Crumpling, wearing, and ripping up paper in her performances over the last 50 years, Joan Jonas rarely obeys the page. Forged in the realms of performance, Jonas’s experimental drawing practice most often exceeds the intimate scale of the portfolio seen here for the first time, culled from her personal notebooks of the early 1970s. Though Jonas studied drawing and poetry in addition to sculpture, when she began to make performances at the turn of the 1970s, she forwent the rectangular ground of the page for city blocks, blackboards, and film and video screens, tracing enigmatic designs across these diverse fields of cultural activity. In Delay Delay, an outdoor performance that took place in downtown Manhattan in 1972, for instance, spectators watched from a rooftop as a group of people (and at least one dog) made what one performer called a “moving drawing” by wielding lengths of pipe, a metal hoop, mirrors, wooden triangles, and bamboo poles across a grid of vacant lots in the distance. (“Poles by Friday,” Jonas noted beside diagrams of circles and lines: shapes walked by performers.) Offering clues to the formation and unfolding of some of Jonas’s earliest pieces, the drawings and notations published here also illuminate a long standing tension between movement and inscription that continues to inform her multimedia performances.
The twisting designs that Jonas dubbed “endless drawings”—lines that wrap continuously around themselves or weave through a grid—crystallize this bind between motion and transcription. Jonas encountered these drawings in an anthropological text devoted to the labyrinthine motifs found on the Melanesian island of Malekula. The drawings are attributed to a “Female Devouring Ghost” perched on the shore between life and death: in order to cross over to the other side, a departed spirit must complete the ghost’s template without lifting their finger from the sand. Engaging these drawings as rituals of continuous movement, Jonas traced and erased the “endless drawings” on chalkboards in her performances. Another sinuous design found in the portfolio also served as choreographic blueprint. Curving in long arcs knotted with sharp turns, the line plotted through a grid of dots was inspired by the paths of Noh performers diagrammed in a pamphlet Jonas brought back from Japan in 1970.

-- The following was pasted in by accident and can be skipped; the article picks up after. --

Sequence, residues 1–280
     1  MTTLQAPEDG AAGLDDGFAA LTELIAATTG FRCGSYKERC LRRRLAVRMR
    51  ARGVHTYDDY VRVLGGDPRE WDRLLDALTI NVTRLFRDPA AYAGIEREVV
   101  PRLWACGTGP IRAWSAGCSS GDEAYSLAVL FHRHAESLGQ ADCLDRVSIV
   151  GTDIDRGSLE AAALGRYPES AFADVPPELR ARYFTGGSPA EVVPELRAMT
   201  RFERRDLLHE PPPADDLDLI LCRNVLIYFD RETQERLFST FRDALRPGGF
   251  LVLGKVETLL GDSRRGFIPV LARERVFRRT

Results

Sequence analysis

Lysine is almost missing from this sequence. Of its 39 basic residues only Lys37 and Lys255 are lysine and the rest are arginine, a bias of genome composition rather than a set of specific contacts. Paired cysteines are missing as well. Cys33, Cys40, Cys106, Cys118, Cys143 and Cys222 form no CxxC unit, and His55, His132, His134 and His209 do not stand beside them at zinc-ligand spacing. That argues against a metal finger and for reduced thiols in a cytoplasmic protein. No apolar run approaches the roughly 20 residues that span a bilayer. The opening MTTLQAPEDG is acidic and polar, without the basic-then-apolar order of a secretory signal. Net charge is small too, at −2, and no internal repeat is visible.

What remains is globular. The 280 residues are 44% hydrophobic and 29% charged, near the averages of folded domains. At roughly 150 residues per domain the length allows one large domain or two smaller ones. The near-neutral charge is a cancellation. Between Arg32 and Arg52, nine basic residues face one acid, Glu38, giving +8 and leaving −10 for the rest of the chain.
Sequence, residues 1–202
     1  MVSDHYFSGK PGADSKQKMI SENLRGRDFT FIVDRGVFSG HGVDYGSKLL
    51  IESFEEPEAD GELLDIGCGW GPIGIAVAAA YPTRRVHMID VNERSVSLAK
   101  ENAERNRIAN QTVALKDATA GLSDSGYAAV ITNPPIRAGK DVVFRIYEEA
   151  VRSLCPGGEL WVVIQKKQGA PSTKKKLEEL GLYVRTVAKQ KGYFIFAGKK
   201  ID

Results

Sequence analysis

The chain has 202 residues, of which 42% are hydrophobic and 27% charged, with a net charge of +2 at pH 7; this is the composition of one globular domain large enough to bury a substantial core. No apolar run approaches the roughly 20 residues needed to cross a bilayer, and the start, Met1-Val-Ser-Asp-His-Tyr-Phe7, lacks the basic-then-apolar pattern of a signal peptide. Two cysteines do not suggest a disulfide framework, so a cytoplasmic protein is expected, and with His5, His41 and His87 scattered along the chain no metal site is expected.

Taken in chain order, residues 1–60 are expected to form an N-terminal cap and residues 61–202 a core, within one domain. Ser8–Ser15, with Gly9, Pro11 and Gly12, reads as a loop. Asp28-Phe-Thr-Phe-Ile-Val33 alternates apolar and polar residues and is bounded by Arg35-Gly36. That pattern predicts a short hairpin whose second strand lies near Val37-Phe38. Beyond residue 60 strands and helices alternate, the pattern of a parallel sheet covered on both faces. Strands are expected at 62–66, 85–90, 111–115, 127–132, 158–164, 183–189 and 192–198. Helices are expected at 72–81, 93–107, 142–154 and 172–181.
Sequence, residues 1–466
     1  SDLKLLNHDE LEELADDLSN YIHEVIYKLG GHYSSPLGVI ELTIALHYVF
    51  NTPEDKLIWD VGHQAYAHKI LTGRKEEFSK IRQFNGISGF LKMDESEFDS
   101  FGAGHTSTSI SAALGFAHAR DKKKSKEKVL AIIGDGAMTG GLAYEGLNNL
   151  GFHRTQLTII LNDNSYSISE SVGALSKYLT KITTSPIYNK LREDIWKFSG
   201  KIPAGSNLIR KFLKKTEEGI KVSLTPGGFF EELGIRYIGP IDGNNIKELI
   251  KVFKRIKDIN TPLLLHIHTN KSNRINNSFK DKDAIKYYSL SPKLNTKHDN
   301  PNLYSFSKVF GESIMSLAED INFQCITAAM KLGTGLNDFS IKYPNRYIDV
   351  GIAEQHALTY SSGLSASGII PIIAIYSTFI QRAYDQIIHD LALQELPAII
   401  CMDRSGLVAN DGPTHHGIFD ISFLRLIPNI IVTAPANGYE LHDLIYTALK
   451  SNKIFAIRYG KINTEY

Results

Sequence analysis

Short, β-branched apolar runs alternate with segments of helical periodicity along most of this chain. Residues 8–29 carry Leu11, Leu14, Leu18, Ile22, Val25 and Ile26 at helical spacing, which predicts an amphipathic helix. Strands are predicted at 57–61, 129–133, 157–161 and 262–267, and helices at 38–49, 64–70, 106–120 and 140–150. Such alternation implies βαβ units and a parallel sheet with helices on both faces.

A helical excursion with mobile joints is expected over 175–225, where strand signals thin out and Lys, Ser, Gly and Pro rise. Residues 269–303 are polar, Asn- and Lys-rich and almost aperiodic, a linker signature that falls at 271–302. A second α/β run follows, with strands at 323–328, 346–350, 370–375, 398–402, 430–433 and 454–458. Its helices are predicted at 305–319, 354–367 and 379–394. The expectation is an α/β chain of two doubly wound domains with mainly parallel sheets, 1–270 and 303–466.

Among Jonas’s notations related to her performances are drawings of an assortment of creatures, with a particular attention to birds. These are motion studies: flapping, gliding, and running, the birds challenge the project of transcription (except when deceased). In light of Jonas’s recent work that addresses the devastating impact of climate change on bees and ocean life, the impulse to capture avian locomotion takes on a different meaning. As Rachel Carson warned in her 1962 book Silent Spring, birds become the harbingers of environmental disaster through their disappearance. Relatedly, Jonas’s unconventional drawing repertoire now includes moving ice within puddles of ink. This is a technique freighted with an ecological urgency: a transcription of melt.
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